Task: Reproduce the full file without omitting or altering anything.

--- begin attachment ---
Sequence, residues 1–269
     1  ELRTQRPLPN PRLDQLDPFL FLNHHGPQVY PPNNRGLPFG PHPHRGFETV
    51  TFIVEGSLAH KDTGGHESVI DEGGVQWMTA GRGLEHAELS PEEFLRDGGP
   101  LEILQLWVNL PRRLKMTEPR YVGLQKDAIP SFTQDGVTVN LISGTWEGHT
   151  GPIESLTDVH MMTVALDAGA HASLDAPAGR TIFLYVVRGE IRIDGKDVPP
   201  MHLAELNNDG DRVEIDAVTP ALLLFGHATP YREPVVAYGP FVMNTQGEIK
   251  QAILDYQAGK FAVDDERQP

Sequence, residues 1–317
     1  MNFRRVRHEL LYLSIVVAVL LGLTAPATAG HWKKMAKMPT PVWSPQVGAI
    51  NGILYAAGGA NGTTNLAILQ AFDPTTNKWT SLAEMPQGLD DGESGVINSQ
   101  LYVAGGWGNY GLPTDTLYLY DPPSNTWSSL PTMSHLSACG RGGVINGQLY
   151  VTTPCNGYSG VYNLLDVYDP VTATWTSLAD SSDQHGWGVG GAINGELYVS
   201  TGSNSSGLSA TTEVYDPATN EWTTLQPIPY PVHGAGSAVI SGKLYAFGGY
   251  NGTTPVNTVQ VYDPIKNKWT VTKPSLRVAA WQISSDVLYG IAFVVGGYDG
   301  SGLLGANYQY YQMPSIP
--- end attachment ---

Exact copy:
Sequence, residues 1–269
     1  ELRTQRPLPN PRLDQLDPFL FLNHHGPQVY PPNNRGLPFG PHPHRGFETV
    51  TFIVEGSLAH KDTGGHESVI DEGGVQWMTA GRGLEHAELS PEEFLRDGGP
   101  LEILQLWVNL PRRLKMTEPR YVGLQKDAIP SFTQDGVTVN LISGTWEGHT
   151  GPIESLTDVH MMTVALDAGA HASLDAPAGR TIFLYVVRGE IRIDGKDVPP
   201  MHLAELNNDG DRVEIDAVTP ALLLFGHATP YREPVVAYGP FVMNTQGEIK
   251  QAILDYQAGK FAVDDERQP

Sequence, residues 1–317
     1  MNFRRVRHEL LYLSIVVAVL LGLTAPATAG HWKKMAKMPT PVWSPQVGAI
    51  NGILYAAGGA NGTTNLAILQ AFDPTTNKWT SLAEMPQGLD DGESGVINSQ
   101  LYVAGGWGNY GLPTDTLYLY DPPSNTWSSL PTMSHLSACG RGGVINGQLY
   151  VTTPCNGYSG VYNLLDVYDP VTATWTSLAD SSDQHGWGVG GAINGELYVS
   201  TGSNSSGLSA TTEVYDPATN EWTTLQPIPY PVHGAGSAVI SGKLYAFGGY
   251  NGTTPVNTVQ VYDPIKNKWT VTKPSLRVAA WQISSDVLYG IAFVVGGYDG
   301  SGLLGANYQY YQMPSIP